Inflation hits the grocery store: Fish, meat up 13.4 percent, 99 cent limes

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A man walks by a grocery store in Brooklyn on March 10 in New York City. The price of gas, food, cars and other items has hit a 40 year high as inflation continues to rise in America.

The rising cost of groceries is putting a pinch on consumers, with food prices jumping up nearly 9 percent in March compared to a year ago.

All U.S. households are suffering from inflation, but the costs are hitting middle-class and low-income families disproportionately.

Food prices relating specifically to domestic food preparation, which affect more middle-class and low-income households, have spiked 10 percent annually, a marked rise that has caught the attention of U.S. food sellers.

“Everything is up. It’s not just produce, we’re seeing it in chicken, eggs, meat. Milk was up this month, but come look at the steak,” a manager at the New York City grocery store chain Union Market, who asked not to be named so as not to get in trouble with his supervisors, said in an interview.

“Look, we just had to mark this one a dollar higher, this one two dollars higher,” the manager said, pointing at different cuts of steak in the refrigerated glass display case, including flank, skirt and rib eye.

Graphic showing percentage of price increase since 2021 on fish and meat products, cereal and baking products, vegetables and fruit and dairy

Since last year, meat and fish prices have risen 13.4 percent, cereals and bakery products have risen 9.4 percent, dairy is up 7 percent and fruits and vegetables are up 8.5 percent, according to data from the U.S. Department of Labor’s Bureau of Labor Statistics.  

Overall inflation, as measured by the consumer price index, is also up 8.5 percent, an annual increase that continues recent trends not seen since the early 1980s.

New York grocer Zan Zan Lwin, an employee of K & Y Fruit and Veggie, said she’s paying particular attention to the price of limes. “It used to be three or four or five for a dollar, and now they’re ninety-nine cents each. Customers are surprised at how expensive they are,” she said.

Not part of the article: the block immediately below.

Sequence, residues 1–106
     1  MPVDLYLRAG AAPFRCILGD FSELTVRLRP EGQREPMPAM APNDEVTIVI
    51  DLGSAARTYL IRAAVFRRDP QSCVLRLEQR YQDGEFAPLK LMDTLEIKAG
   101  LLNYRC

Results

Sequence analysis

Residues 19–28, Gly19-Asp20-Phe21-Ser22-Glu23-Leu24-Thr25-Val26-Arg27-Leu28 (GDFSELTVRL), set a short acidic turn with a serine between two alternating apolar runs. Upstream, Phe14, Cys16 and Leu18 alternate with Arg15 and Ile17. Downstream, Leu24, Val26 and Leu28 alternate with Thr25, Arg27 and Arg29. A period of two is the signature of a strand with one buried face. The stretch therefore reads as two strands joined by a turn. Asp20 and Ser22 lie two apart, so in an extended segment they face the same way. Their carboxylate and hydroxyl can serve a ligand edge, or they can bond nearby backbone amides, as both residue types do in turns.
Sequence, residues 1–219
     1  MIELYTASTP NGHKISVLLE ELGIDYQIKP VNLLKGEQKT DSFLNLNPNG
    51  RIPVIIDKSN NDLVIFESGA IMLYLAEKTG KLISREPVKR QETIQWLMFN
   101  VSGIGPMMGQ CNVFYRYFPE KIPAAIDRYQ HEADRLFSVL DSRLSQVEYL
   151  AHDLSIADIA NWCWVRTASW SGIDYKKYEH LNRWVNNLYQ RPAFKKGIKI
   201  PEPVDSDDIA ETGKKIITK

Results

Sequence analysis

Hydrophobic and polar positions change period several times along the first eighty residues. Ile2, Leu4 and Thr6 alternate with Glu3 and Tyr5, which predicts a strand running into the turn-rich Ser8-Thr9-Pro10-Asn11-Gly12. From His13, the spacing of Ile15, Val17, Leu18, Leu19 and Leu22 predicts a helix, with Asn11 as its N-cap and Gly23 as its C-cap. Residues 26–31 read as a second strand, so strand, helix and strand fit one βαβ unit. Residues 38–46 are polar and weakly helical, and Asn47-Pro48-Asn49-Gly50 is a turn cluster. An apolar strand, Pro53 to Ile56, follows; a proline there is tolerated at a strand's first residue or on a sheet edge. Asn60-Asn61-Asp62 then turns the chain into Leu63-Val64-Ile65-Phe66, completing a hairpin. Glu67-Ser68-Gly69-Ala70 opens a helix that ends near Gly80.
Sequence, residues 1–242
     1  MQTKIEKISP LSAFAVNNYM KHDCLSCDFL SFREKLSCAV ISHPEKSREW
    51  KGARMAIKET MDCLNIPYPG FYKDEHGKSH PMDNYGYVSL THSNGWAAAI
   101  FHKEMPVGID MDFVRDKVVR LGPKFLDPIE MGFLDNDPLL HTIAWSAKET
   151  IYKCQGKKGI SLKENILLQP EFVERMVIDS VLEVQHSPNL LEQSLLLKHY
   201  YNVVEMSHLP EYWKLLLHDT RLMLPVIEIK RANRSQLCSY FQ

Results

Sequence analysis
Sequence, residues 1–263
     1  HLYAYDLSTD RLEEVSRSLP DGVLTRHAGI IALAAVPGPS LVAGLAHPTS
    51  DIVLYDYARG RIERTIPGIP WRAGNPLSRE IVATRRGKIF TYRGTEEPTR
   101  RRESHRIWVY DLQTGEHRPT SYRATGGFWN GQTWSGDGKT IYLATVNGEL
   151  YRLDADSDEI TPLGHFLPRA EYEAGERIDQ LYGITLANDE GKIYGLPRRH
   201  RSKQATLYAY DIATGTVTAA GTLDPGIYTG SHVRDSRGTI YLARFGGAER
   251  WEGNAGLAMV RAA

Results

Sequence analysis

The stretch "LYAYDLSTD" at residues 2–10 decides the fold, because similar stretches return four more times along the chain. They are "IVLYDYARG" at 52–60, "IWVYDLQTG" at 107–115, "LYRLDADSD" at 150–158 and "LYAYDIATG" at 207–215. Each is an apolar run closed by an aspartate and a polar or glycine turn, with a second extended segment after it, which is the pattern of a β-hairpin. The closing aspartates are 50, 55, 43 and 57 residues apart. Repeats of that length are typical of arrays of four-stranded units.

According to a recent shopping trends analysis from grocery store trade group FMI, consumer demand for groceries hasn’t slackened despite the price hikes.

“Average household spending on food has recently held steady at about $148 per week. While this is down from peak spending of $161 at the height of the pandemic, it is still significantly higher than the average pre-pandemic amount of $113.50 when inflation was much lower,” the FMI analysis said.

Inflation is now the focus of concern for grocery shoppers, with more than half noticing rising prices on their preferred foods, the FMI report went on. Concern varies by income level and is highest among those who make under $75,000 a year, with women more likely to report price concern than men.

To deal with rising prices, many shoppers look for deals, according to FMI. Lower-income shoppers are likely to change what they’re buying, such as switching from fresh to frozen meats.

Grocers area also facing problems that are contributing to a jump in wholesale prices. Logistical bottlenecks aggravated by the coronavirus pandemic remain one cause, but is hardly the only factor.

“The distributors say different things,” said Murat Sonkaya, who works for a fruit and vegetable stand in Brooklyn that sources grapes from Peru and garlic from China, among other imports. “They say it’s gas prices from shipping, they say it’s shortages. With the avocados from Mexico, it’s cartel problems, so that’s different.”

The situation in the U.S. is consistent with price hikes occurring across the globe.

The Food and Agriculture Organization (FAO) of the United Nations recorded a 12.6 percent jump from February in its benchmark food price index, hitting its highest level since first recording data in 2009. The new level represents all-time highs for vegetable oils, cereals and meats, with big increases for sugar and dairy, as well. 

The FAO cereal price index jumped 17.1 percent from February, reflecting “a surge in world prices of wheat and coarse grains, largely driven by conflict-related export disruptions from Ukraine and, to a lesser extent, the Russian Federation,” the FAO said.

“The expected loss of exports from the Black Sea region exacerbated the already tight global availability of wheat. With concerns over crop conditions in the United States of America also adding support, world wheat prices rose sharply in March, soaring by 19.7 percent,” the FAO said.

More Americans are feeling worse about their financial prospects, according to the New York Federal Reserve Bank’s March survey of consumer expectations, with 40 percent of respondents saying they feel either much more or slightly less worse off compared to 34 percent the month before.

–Updated on April 13 at 7:56 a.m.

Tags CPI groceries Inflation Russia
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